We’re not there yet. All of our Key Stage 3 students have read at least one novel by a woman this year (in many cases, two or three). Most, although not all, have read a novel by a writer of colour. We’re about to introduce Iridescent Adolescent, the English and Media Centre’s fantastic anthology of short stories, and we’ve got more writers of colour and more working-class writers. We wanted to get beyond the stereotype that novels addressing themes of ethnic diversity that are suitable for teenage boys are all about gang culture and urban violence, and I think we’ve managed to do that. We’d like more sensitive male protagonists. What we’d really like would be a novel by a young writer from an Eastern European background exploring the experience of recent migrants, so agents and publishers, get cracking.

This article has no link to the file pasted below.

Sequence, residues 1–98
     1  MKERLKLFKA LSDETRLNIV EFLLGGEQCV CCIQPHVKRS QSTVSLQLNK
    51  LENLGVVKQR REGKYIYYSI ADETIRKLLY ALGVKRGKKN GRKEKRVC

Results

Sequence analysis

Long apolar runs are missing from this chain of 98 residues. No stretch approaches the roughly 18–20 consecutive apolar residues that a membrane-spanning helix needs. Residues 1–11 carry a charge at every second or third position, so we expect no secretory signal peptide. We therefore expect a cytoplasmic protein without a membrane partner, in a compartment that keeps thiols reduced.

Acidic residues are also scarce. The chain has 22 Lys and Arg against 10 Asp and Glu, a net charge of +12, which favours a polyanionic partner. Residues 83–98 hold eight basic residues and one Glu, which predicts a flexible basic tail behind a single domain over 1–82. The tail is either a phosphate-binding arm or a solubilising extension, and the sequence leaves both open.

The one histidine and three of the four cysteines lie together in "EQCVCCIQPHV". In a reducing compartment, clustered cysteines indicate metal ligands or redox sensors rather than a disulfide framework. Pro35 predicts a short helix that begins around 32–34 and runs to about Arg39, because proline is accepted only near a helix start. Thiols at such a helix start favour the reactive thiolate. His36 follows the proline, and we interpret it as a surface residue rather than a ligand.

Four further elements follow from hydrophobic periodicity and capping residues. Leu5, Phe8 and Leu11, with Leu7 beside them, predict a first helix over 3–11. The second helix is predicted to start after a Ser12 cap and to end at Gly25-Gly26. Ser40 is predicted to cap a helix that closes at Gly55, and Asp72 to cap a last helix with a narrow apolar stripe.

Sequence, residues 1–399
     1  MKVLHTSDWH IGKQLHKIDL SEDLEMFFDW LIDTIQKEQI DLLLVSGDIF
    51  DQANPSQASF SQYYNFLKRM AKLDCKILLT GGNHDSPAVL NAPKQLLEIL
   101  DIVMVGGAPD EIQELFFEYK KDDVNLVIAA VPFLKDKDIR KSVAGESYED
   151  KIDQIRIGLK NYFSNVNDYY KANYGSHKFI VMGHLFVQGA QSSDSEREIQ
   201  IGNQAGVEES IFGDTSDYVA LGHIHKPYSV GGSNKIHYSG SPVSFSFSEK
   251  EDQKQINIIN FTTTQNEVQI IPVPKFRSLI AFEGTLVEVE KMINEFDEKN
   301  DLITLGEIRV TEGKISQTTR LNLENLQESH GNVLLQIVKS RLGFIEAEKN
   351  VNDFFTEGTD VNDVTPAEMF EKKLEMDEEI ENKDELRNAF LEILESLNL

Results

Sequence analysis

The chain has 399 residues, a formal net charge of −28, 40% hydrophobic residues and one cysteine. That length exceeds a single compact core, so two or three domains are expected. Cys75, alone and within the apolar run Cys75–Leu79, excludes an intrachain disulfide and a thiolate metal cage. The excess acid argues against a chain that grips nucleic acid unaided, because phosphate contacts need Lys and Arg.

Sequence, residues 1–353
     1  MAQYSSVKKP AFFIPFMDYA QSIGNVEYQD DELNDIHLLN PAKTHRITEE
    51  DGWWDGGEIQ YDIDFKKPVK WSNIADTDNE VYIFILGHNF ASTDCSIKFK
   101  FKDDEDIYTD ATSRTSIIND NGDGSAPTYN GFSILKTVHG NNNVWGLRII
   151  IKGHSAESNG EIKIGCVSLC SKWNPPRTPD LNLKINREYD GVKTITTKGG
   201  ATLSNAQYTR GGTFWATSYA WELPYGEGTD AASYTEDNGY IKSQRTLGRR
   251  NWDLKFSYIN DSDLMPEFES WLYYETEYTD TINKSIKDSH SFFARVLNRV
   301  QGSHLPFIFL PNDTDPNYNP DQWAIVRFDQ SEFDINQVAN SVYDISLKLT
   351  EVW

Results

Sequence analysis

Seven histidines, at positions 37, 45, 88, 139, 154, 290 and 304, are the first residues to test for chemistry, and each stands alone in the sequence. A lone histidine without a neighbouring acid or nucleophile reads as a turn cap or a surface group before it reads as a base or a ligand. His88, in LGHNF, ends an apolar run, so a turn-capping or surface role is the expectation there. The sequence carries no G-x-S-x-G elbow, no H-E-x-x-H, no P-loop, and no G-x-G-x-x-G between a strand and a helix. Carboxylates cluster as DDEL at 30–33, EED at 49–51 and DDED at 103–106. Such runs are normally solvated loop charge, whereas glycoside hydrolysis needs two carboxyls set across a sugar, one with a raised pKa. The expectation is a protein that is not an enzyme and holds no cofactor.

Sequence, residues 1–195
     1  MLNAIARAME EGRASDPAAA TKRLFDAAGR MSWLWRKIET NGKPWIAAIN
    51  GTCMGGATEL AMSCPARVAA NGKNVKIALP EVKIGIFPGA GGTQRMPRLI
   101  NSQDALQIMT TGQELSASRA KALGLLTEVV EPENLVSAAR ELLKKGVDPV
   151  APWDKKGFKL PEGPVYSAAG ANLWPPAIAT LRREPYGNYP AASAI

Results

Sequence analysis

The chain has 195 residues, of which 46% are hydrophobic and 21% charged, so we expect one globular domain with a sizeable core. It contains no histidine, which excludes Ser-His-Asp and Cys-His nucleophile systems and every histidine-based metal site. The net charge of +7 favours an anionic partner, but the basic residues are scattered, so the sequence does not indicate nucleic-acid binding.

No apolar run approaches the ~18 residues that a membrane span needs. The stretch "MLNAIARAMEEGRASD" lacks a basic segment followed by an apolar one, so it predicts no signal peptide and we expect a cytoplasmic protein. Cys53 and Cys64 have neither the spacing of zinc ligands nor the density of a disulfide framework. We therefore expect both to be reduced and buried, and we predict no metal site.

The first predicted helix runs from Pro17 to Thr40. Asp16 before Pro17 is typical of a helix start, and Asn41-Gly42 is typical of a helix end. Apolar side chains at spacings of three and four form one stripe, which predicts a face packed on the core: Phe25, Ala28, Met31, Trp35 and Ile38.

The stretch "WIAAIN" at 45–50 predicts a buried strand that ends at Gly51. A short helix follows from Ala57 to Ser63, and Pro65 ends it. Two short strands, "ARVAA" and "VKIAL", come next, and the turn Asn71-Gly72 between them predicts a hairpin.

The other thing I’d say about diversifying your reading in schools: finding suitable novels, following up recommendations and discussing which texts would be most suitable for your students, takes time. Reading is an essential part of CPD for English teachers. Just because reading is something we enjoy and spend part of our spare time doing, it shouldn’t be assumed that we’re willing to do this particular CPD in our own time. Schools need to give students time to read, but they also need to invest in time for their English teachers to read as well.